SALICYLIC ACID pp 183-247 | Cite as

Salicylic Acid-Mediated Abiotic Stress Tolerance

  • M. Pál
  • G. Szalai
  • V. Kovács
  • O. K. Gondor
  • T. JandaEmail author


Plants are exposed to many environmental stresses, which are further aggravated by the effects of global climate change. So investigations on compounds capable of reducing the stress sensitivity of plants are of great importance. Salicylic acid is a phenolic compound produced to varying extents by a wide range of plant species. Its usefulness in human medicine was recognized much earlier than its role in plants. This endogenous plant growth regulator participates in many physiological and metabolic reactions. It was first demonstrated to play a role in responses to biotic stress. Soon afterwards; however, it became increasingly clear that salicylic acid also plays a role during the plant response to abiotic stresses such as heavy metal toxicity, heat, chilling, drought, UV-light and osmotic stress. Two kinds of evidence have accumulated to support this. First, endogenous salicylic acid levels rise in several species when they are exposed to abiotic stress conditions. Secondly, the application of salicylic acid at suitable concentrations induces stress tolerance in various plant species. The use of mutants and transgenic plants in which the synthesis, accumulation or translocation of salicylic acid is modified could help to clarify its molecular modes of action in physiological processes. Crosstalk with other hormones such as jasmonic acid, ethylene, abscisic acid, gibberellic acid and cytokinin is important part of a finely tuned immune response network. It can be seen that SA exerts an effect at several levels and its effect also depends on several factors, such as the mode of application, the concentration, environmental conditions, plant species and organs, etc. In the present chapter a summary will be given of the relationship between SA and various abiotic stress factors in relation to biotic stress and other plant hormones, followed by a summary of the known physiological and biochemical effects of SA that may explain the change in stress tolerance.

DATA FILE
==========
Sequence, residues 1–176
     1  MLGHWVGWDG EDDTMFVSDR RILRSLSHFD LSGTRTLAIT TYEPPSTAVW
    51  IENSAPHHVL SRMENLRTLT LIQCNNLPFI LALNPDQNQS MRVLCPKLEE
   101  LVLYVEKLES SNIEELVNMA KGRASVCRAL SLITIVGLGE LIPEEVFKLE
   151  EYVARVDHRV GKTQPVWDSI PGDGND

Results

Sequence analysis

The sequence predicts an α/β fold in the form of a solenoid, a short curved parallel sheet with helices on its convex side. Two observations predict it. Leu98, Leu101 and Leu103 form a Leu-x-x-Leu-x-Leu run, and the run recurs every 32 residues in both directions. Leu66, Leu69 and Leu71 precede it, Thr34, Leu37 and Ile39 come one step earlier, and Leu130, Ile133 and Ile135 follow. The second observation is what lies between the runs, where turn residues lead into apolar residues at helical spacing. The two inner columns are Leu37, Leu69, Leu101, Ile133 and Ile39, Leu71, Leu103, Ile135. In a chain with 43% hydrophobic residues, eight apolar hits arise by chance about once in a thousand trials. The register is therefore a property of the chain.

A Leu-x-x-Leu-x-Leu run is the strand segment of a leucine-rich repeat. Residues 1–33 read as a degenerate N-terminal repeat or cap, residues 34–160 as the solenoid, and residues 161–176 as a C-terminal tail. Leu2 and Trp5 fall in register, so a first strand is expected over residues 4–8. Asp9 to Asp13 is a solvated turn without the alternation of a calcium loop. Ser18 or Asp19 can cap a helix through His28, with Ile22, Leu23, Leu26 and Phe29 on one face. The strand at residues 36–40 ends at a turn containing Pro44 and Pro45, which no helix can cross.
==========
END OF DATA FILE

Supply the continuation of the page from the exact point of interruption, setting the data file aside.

Abiotic stress  Oxidative stress  Plant hormones  Salicylic acid  Signal transduction  



The authors wish to thank Barbara Harasztos for revising the English. Magda Pál is a grantee of the János Bolyai Scholarship. This work was supported by the Hungarian National Scientific Research Foundation (OTKA PD83840, K101367 and K104963).


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Copyright information

© Springer Science+Business Media Dordrecht 2013

Authors and Affiliations

  • M. Pál
    • 1
  • G. Szalai
    • 1
  • V. Kovács
    • 1
  • O. K. Gondor
    • 1
  • T. Janda
    • 1
    Email author
  1. 1.Agricultural Institute, Centre for Agricultural ResearchHungarian Academy of SciencesMartonvásárHungary

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